By Jonathan Ramos
By Juan De Anda
By Mollie McWilliams
By Juan De Anda
By Mollie McWilliams
By Juan De Anda
By Jonathan Curiel
By Alexis Coe
No one has actually said this -- at least no one official -- but I'll go out on a limb and guess that Ophelia, Gertrude, Claudius, Rosencrantz, and Guildenstern in Karin Coonrod's current production of Hamlet are dressed as characters from Alice in Wonderland. How else do you explain those costumes? Ophelia wears a bizarre powder-blue dress, inflated at the hips like the dress of someone falling down a hole; Gertrude speaks in a high squeaky voice like the Queen of Hearts; Claudius just looks odd; and Rosencrantz and Guildenstern look exactly like Tweedledum and Tweedledee. The complication is that everyone else, except Hamlet, seems to have stepped out of a Graham Greene novel set in Nazi Germany, or else a José Posada collection of Day of the Dead calaveras; and that Horatio sounds Caribbean. Have I covered everyone? Polonius? Could he be the Mad Hatter? No, that's Osric. Oh, damn.
The second show in this season's Cal Shakes Festival isn't bad, apart from its lofty concepts. The acting is brisk and solid and everyone seems to have a great time. The cast in the season's first show, Taming of the Shrew, had an equal amount of fun, and the result was a hilarious, brightly costumed comedy. Hamlet, though, is tragedy. It needs catharsis. And although Coonrod's production works in a lot of surprising ways -- mainly by resisting audience expectations -- it also fails to create the gravitas suggested by its own reminders of death.
The show opens with Scene 2, in the court at Elsinore. Some sort of word-collage summarizes Scene 1. We get a thin reminder, through the PA system, of ghosts and something-not-quite-right-in-Denmark before Claudius appears to give his pompous speech. He paces a square midstage platform, marked off with poles to form a sort of open box, and the rest of the court, in full Alice costume, stands cramped in one corner, turning as a group to follow Claudius' movements. It's goofy. But the director restricts her mockery of Claudius' kingship to the costumes and blocking; James Carpenter (as Claudius) is allowed to deliver his lines in a balanced and subtle voice.
Hamlet resembles a Brett Easton Ellis character in this scene, wearing black clothes and shades, but when he decides to go mad and sheds his sense of fashion he appears to be the only human person on the stage. His rumpled clothes and loose cuffs contrast so well with the Alice costumes that his family and friends, for all their sane words, look like ninnies. In this sense Coonrod's concept works. According to a piece in the Chronicle, the open box at midstage represents Hamlet's heart, so the idea may be that we're watching a mad little drama of Hamlet's emotional life, as opposed to a dream in Alice's head. Well, very nice. It would work as subtext if there weren't so many other concepts lying around.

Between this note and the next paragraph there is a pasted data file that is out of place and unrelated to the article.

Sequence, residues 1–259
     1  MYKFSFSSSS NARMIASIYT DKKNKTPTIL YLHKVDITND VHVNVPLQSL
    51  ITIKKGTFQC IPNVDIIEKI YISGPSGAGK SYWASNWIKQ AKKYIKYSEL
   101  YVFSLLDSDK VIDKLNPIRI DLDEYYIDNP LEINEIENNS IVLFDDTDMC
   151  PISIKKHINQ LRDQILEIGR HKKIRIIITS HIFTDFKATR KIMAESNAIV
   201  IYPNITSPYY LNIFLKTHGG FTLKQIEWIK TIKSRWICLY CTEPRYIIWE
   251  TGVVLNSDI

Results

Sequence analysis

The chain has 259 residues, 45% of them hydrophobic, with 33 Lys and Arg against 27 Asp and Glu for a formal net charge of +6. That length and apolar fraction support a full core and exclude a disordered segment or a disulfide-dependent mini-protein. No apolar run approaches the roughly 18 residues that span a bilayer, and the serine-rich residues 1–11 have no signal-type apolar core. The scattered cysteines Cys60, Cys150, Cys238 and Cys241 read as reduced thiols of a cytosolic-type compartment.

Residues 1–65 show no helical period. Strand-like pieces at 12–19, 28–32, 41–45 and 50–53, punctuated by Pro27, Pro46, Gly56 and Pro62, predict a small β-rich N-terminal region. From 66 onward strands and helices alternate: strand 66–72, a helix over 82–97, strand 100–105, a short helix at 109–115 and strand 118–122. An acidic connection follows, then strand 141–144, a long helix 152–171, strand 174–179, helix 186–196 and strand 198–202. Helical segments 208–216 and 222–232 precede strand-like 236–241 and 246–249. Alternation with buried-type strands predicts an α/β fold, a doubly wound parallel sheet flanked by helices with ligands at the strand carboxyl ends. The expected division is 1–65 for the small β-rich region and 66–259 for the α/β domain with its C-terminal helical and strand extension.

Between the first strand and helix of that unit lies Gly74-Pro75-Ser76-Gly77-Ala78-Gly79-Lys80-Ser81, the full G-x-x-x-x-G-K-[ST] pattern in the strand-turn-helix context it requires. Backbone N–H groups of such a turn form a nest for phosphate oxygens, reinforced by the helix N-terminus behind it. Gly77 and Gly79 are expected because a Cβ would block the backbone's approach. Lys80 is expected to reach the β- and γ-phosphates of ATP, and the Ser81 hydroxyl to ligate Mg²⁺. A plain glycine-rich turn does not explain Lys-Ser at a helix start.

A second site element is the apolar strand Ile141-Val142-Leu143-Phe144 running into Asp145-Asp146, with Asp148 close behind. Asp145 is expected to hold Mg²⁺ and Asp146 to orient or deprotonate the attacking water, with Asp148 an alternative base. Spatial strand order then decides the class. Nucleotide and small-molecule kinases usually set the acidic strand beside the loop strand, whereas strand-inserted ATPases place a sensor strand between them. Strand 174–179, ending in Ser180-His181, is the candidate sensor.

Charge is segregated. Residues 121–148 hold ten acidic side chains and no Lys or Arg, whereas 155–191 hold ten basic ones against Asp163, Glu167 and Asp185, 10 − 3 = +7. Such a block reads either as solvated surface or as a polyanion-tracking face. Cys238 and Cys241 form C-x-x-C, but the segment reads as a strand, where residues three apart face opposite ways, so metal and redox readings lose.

Steven Skybell gives a fierce and sometimes tortured performance as Hamlet. He starts off with too much intensity, but when the script catches up to his energy level, his speeches turn out well. The soliloquy after his father's ghost asks for revenge is especially strong -- Skybell raves around in the aisles on the edge of self-control. But the energy isn't applied well enough to carry Hamlet convincingly through his spells of obsessive doubt and final compulsion, so the very last scene feels rote.
Every scene with the ghost is strange, in one way or another. Coonrod uses a recording of Harold Bloom, the critic, for the ghost's lines, and Bloom's voice is fascinating. It sounds tender, melancholy, but pampered, lacking the militaristic inflections we expect of a king who's spent much of his life in full armor. Still, Bloom knows his Shakespeare, and the speeches are hypnotic. The problem is that Soren Oliver, as the ghost's body, looks like a pale Pillsbury Doughboy in tuxedo tails, with a fattish white-painted face behind a gray visor that could also be a grimacing Balinese mask. Or maybe a horse face? Is he the horse-helmeted White Knight, from Through the Looking Glass? Who the hell knows? Things go a little better in Gertrude's bedroom scene, where the ghost is a powerful spotlight aimed at Hamlet's eyes.
Gerald Hiken is never un-entertaining as Polonius, growling his blowhard advice -- in fact he's the strongest actor on the stage -- and Karen Grassle does good work as Gertrude, both as the girlish-voiced, airhead queen and the desperate, imploring mother. Stacy Ross does well enough as Ophelia, but she's miscast. She's too strong a personality to play such a withering leaf. Soren Oliver is a decent gravedigger, although why he speaks in a Southern accent I have no idea; Patrick Kerr is good especially as Osric and the Player King. In fact, the Day of the Dead-style dumb show and shadow play performed by the players for Claudius and the rest fit in with a beautiful strangeness.
Coonrod's experiments with Hamlet are interesting, and the cast's energy makes the play fresh and direct. Watching Shakespeare in Orinda these days puts me in a good mood. But here it comes at the price of a diluted climax, with so much unusual business onstage you neglect to watch the duel. Is Horatio putting on a German or a Caribbean accent? How come the Polish soldiers look like Nazis? Why is Fortinbras a woman? Such high concept o'ercrows the spirit, and Hamlet nearly forgets to die.